“When I’m struggling with ideas for a new project, I always come back to the same two things”, Alice admits. And of course, they are film and travel. Alice’s interpretation of film in her work is open-ended, she really absorbs the aesthetic as well as the mood of a film, and creates her own worlds that capture the feel of any given scene. ‘Cinematic Still Life‘ is Alice’s favourite series to date due to her involvement in every stage of the project. She wanted to work on something that would involve her creating a scene from which she would paint, as well as ensuring she had complete control over what she was painting. Alice embarked on ‘Cinematic Still Life’ at the end of last year, and spent time building all six of her scenes. She sourced the props and made all the food for each still life, then photographed them and finally painted them.
The research involved sifting through dozens of charity shops and endlessly scrolling through eBay, “searching for niche objects like a Coca-Cola can from the 80’s or a cake stand to fit a 70’s aesthetic”. She even spent a week making and baking jellies and blancmanges from old “Jell-O” ad recipes. And yes, Alice has made the food look mouth-watering but after hearing how much cottage cheese and condensed milk has gone into some of the food, we’re far from tempted by the baked goods in Edward Scissorhands.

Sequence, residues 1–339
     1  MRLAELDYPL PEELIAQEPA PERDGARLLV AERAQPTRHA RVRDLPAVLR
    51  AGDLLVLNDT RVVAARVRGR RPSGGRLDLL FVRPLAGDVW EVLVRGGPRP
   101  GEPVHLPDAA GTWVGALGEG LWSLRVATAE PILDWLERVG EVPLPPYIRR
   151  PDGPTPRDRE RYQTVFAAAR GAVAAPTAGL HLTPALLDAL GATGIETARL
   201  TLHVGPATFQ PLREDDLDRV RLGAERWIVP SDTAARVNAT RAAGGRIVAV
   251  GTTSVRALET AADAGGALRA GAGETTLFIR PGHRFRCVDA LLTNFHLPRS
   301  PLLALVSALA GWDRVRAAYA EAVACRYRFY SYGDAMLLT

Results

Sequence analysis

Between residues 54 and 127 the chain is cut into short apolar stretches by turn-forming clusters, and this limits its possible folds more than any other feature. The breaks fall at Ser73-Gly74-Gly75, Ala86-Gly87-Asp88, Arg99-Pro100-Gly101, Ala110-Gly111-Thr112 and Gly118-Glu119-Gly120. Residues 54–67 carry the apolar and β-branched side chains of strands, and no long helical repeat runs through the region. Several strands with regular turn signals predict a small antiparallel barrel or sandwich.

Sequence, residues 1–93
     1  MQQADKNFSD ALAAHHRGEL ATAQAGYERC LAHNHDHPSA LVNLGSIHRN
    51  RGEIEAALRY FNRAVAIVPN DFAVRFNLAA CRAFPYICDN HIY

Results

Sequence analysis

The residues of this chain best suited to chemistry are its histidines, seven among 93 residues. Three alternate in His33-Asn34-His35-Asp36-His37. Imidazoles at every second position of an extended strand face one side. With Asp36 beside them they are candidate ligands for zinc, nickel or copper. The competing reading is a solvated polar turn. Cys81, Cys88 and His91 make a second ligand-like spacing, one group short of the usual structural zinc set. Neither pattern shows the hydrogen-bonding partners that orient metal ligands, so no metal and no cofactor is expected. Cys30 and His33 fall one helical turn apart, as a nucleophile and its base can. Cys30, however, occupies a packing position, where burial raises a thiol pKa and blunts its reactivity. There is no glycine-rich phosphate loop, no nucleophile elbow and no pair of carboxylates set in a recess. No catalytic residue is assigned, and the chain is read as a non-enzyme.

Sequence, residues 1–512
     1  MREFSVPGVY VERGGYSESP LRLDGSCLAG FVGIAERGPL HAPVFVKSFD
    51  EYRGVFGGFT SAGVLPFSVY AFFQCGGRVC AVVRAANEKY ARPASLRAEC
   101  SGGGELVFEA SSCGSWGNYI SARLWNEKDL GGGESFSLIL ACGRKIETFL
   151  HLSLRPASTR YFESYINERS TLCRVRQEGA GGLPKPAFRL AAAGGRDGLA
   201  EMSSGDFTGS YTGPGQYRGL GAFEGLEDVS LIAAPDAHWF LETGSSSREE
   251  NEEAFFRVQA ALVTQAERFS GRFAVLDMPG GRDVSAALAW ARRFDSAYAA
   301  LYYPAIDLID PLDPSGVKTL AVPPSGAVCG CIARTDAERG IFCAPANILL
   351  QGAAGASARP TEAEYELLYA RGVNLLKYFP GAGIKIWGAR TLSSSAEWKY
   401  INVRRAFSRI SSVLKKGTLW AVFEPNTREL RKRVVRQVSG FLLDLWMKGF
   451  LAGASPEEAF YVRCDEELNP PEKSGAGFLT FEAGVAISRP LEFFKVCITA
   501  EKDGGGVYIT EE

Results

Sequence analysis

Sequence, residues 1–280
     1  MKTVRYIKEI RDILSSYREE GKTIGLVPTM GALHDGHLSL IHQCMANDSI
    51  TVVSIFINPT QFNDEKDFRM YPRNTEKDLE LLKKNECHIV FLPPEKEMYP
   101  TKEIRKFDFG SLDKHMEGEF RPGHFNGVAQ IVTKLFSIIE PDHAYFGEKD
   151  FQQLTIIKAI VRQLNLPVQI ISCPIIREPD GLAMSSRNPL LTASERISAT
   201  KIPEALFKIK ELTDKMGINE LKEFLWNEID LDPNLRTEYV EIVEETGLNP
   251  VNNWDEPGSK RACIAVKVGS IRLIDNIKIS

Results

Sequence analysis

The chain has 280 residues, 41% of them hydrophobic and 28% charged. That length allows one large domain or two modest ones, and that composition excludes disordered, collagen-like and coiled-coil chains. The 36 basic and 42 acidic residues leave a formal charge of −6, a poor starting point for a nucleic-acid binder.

This project was all about “capturing the feeling” of a film or TV show. When photographing each still life, Alice would constantly be playing around with different arrangements, with the lighting and with extra props to swap in and out. Once she had the perfect photographs, she didn’t adjust them, “so the final paintings are representative of the photographs I based them on”.
In order to capture “the feeling” of The Grand Budapest Hotel, the arrangement had to differ from the Stranger Things illustration. Alice used a sugary pink colour palette and kept a fairly symmetrical composition, “in keeping with Wes Anderson’s direction”. Stranger Things, on the other hand, is a much darker scene, made up of primary colours to reflect an 80’s colour palette. Alice see’s her style as “a little ominous, which often comes from the emphasis put on contrast and heavy shadow”.